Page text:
Kia Proceed GT review – Shooting brake with warm hatch road manners

Unusual but appealing package is frustratingly short of fulfilling its potential

Evo rating
  • Distinctive exterior, willing chassis
  • Frustrating gearbox, could deliver bigger thrills

Kia’s compact Ceed range has been expanded in previous generations with a coupe spin-off affixed with the Proceed tag. Now the third-generation version has arrived, but instead of offering a straightforward three-door the new Proceed is best described as a shooting brake. Similar in execution to the Mercedes-Benz CLA Shooting Brake, the Proceed is longer and lower than either the hatch or estate versions of the Ceed but sits on the same wheelbase.

The Proceed has a slimmed-down model line-up compared to other Ceeds, with GT Line and GT Line S models available with petrol or diesel options. At the top of the tree sits this GT model, which is the only Proceed to get a 1.6-litre turbocharged petrol engine offering 201bhp. The Proceed GT is also available with a single transmission option, a seven-speed DCT automatic.

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Performance and 0-62mph time

The Proceed’s 1.6-litre unit, in combination with the quick upshifts of the DCT gearbox, allows it to reach 62mph in 7.2sec, a time equal to that of the manual-only Ceed GT hatch despite that car’s 46kg weight advantage, and is competitive amongst key rivals. The torque is evenly spread across the rev range giving linear acceleration, and although the Proceed GT never feels quick enough to be regarded as genuinely hot, the top speed of 140mph is again competitive.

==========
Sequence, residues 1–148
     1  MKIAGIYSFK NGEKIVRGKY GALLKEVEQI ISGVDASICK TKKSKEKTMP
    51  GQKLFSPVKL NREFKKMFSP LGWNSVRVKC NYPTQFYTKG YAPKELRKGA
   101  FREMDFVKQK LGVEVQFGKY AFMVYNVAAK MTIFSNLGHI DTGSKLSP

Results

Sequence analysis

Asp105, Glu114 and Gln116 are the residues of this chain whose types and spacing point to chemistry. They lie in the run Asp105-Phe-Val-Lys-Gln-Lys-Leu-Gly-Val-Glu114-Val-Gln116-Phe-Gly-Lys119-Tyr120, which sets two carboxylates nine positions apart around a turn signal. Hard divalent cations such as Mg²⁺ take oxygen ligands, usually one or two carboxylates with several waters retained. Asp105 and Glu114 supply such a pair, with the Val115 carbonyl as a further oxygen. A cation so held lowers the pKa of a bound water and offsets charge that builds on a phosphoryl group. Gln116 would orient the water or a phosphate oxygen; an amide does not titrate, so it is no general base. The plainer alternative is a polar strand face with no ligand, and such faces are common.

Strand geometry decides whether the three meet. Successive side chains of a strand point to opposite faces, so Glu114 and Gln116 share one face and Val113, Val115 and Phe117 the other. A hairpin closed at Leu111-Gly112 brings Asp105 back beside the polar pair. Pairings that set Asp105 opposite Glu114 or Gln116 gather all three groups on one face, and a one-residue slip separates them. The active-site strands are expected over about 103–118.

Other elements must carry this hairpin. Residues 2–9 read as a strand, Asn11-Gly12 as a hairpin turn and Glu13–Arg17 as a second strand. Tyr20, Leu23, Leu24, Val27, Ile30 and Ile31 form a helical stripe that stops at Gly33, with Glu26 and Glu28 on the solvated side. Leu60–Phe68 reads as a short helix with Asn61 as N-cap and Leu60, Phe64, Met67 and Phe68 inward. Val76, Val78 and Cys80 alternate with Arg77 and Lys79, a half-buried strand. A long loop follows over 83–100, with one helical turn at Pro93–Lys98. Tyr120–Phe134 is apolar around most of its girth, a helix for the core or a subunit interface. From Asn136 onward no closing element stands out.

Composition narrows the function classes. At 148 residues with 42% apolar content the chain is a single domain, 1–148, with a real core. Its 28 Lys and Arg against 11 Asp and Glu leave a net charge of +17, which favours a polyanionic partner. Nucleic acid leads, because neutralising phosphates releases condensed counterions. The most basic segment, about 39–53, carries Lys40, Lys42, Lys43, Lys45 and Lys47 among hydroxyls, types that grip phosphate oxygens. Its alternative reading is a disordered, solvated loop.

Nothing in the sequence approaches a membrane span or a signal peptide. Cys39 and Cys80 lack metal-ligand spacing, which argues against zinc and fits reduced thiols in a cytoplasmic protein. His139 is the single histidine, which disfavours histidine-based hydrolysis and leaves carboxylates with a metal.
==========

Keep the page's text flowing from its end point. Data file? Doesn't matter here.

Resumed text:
There are hot hatch and estate rivals that offer more power than the Proceed but cost more money too, while similarly priced rivals offer near-identical performance. For anyone preferring an option with a smaller price tag and under 250bhp, the Proceed’s performance and acceleration will be satisfying.

Engine and gearbox

The Proceed GT’s 201bhp and 195lb ft of torque comes from a turbocharged 1.6-litre petrol unit, first seen in the previous-generation Ceed GT models, and in the Proceed bodystyle is mated to a seven-speed DCT transmission only. Maximum torque is available from 1500 to 4500rpm, giving it the feel of a strong naturally aspirated engine, but power begins to drop off beyond 6000rpm. Switching between Normal and Sport driving modes also alters the sound from the exhaust and audio system, and while low-rev resonances catch the ear the sound improves considerably at high revs.

In everyday driving the DCT gearbox shifts smoothly and without fuss, while also avoiding the economy-minded trap of changing up as early as possible. Sport mode engages a more aggressive shift pattern while manual shifting is possible via the gearlever or wheel-mounted paddles. Upshifts are actioned quickly but high-rev downshifts frequently lead to unwelcome pauses that can be distracting, and the transmission never gives complete control to the driver. On balance however it is better suited to all kinds of driving than the clunky manual.

Ride and handling